The International Conference on Population and Development (ICPD) held in 1994 is undoubtedly a landmark UN conference in terms of the shift from population control to a reproductive rights framework, an achievement that was a result of passionate struggle of all stakeholders mainly the women’s health movement. The question in many minds today is WHAT NEXT AFTER ICPD?
Taking a journey into the history of population and development conferences, organized by the United Nations, we understand that the ICPD conference was not a one off conference organized by the United Nations, but fifth in succession to the population and development conferences held since 1954.
Every ten years since 1954, United Nations has been organizing international conferences on population and development issues. Each conference brought forth issues for discussion relevant to that decade. The first two United Nations Population Conference held in 1954 in Rome, and 1965 in Belgrade were purely technical conferences aimed at expanding scientific knowledge and understanding on population issues. These two conferences were held in collaboration with the International Union on the Scientific Study of Population (IUSSP) and comprised of technical experts.
The subsequent conferences held in 1974 in Bucharest and 1984 in Mexico City, were organized by the United Nations alone and composed of government representatives. These conferences benefitted from extensive preparations, scientific symposia’s, regional meetings, and meetings of preparatory committees involving technical experts and focused on development of policies.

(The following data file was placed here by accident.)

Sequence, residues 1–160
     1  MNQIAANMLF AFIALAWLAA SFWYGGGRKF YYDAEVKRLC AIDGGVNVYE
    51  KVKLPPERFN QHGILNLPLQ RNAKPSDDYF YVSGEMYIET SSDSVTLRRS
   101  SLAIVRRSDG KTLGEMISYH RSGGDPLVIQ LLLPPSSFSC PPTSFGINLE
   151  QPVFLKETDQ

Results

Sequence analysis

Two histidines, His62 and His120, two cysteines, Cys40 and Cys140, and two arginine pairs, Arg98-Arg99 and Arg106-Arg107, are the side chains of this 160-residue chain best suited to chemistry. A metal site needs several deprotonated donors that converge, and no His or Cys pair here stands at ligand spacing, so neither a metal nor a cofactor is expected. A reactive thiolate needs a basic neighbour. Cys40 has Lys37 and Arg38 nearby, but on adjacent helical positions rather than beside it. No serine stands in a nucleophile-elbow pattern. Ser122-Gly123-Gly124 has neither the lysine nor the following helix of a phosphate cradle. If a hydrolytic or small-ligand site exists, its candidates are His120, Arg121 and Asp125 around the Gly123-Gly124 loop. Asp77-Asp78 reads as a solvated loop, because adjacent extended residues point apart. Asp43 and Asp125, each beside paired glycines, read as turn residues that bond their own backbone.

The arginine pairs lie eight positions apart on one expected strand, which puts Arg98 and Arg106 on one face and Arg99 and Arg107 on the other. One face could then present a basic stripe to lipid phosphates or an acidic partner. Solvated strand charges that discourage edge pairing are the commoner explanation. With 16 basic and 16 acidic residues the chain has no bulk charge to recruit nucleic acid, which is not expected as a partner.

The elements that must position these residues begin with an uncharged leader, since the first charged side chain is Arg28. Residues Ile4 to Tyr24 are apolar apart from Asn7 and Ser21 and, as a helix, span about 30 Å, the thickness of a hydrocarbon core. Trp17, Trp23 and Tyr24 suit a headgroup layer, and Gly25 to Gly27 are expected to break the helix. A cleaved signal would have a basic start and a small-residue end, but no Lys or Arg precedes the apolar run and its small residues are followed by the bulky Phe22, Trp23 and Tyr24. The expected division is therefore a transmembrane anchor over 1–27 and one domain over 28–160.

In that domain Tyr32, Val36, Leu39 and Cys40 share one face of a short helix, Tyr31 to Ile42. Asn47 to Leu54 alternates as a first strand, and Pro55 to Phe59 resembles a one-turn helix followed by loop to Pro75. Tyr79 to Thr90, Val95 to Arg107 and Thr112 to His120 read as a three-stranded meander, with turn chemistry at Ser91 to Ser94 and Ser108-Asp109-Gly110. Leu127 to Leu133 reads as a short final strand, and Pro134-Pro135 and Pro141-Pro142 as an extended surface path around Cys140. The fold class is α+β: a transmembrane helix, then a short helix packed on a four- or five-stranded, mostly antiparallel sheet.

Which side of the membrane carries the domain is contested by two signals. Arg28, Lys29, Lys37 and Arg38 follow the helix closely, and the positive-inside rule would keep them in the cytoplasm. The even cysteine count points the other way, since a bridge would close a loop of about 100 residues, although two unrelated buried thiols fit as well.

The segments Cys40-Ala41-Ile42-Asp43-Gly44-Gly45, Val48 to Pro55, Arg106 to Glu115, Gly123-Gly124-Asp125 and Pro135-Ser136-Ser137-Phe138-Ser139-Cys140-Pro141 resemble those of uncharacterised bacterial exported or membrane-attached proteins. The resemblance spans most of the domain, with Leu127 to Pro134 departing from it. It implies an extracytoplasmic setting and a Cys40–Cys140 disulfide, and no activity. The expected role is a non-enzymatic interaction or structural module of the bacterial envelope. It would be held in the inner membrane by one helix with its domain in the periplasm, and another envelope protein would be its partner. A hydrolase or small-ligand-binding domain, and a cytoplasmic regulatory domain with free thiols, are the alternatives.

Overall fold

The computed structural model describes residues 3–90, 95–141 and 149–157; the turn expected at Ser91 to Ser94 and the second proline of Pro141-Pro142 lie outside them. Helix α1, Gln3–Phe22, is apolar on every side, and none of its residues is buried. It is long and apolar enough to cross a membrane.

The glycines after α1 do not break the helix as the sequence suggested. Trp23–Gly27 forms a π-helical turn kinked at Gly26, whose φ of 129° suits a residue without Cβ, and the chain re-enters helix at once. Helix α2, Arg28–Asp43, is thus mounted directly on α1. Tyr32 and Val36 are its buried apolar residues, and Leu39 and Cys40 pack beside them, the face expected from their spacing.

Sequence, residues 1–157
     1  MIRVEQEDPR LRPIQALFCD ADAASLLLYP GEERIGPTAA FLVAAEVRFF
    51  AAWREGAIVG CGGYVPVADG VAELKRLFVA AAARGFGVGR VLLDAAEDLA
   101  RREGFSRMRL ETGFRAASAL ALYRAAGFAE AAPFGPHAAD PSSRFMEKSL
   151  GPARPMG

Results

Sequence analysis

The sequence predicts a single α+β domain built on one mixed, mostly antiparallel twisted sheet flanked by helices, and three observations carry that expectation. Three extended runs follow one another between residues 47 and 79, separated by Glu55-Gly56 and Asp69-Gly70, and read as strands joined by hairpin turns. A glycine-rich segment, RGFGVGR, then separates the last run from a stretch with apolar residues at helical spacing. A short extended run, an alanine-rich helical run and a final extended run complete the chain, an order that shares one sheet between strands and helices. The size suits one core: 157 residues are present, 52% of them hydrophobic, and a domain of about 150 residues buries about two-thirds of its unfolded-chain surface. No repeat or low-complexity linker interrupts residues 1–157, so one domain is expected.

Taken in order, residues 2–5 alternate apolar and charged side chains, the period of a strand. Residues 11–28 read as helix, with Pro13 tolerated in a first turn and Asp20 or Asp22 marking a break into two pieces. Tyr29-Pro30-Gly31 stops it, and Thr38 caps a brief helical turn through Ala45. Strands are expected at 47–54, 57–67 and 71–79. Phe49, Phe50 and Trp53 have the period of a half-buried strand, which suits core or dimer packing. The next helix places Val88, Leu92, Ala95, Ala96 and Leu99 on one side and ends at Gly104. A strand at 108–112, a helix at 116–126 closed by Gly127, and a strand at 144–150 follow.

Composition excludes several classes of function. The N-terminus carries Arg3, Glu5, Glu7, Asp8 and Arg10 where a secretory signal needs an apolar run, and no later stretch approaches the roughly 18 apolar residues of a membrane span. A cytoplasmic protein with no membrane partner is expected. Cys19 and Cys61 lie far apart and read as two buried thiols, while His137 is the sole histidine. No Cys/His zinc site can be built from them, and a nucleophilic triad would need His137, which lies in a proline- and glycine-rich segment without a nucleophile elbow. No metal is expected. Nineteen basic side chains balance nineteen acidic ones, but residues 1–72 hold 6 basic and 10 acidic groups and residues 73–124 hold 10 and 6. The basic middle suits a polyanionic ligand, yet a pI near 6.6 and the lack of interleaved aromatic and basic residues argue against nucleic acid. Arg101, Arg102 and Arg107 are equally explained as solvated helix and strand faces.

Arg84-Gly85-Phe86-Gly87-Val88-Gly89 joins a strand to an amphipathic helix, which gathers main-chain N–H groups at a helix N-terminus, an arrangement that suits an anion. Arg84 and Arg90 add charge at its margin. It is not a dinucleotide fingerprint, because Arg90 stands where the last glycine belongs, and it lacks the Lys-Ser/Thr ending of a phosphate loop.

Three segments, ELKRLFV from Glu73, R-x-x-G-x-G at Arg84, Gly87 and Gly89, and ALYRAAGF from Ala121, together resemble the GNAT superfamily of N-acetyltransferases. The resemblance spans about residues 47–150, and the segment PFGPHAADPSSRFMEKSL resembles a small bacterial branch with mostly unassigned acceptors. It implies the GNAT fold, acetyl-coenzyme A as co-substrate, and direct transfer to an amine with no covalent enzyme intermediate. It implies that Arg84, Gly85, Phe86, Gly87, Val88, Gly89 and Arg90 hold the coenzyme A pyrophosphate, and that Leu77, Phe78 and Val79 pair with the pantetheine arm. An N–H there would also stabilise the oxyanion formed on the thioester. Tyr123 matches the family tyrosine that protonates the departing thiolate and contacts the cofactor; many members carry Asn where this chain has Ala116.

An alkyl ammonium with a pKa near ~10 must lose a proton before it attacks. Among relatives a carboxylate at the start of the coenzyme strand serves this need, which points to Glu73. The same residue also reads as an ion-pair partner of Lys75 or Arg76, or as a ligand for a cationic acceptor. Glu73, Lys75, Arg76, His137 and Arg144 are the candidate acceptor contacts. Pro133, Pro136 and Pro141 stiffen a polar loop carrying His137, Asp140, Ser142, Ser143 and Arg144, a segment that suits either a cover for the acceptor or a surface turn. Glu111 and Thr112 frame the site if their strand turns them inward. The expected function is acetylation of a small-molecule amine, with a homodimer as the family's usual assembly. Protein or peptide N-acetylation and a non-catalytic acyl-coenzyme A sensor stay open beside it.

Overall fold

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In continuity, the 1994 International Conference on Population and Development held in Cairo was a landmark conference in population policy and politics. It is at this conference that the concepts of reproductive rights, sexual health, and reproductive health were officially incorporated in the programme of action. This conference held from September 5-13, 1994 in Cairo, saw more than 4000 delegates from 180 national governments produce a Programme of Action that serves as a blueprint for population programmes of the United Nations and individual countries until 2015.
Acknowledging the limitations, and at the same time recognizing the progressive elements within the Programme of Action , the women’s health movement since then has consistently monitored the implementation of the ICPD Programme of Action at national, regional and international levels. The twenty years are drawing to a close very soon in 2015, and my understanding of the above history and the logical sequence of conferences since 1954 point to a potential UN conference in the lines of ICPD in 2015.
If such a UN conference is going to take place then it is time be prepared and consolidate experiences and learning from the women’s health movement who made Cairo possible. Based on the contemporary realities, and drawing from the strengths of the women’s health movement, lets aspire for the next paradigm shift where sexual and reproductive rights and health are realized by all individuals irrespective of gender identities and sexual orientation, a shift where all individuals have equitable access to affordable and quality sexual and reproductive health services.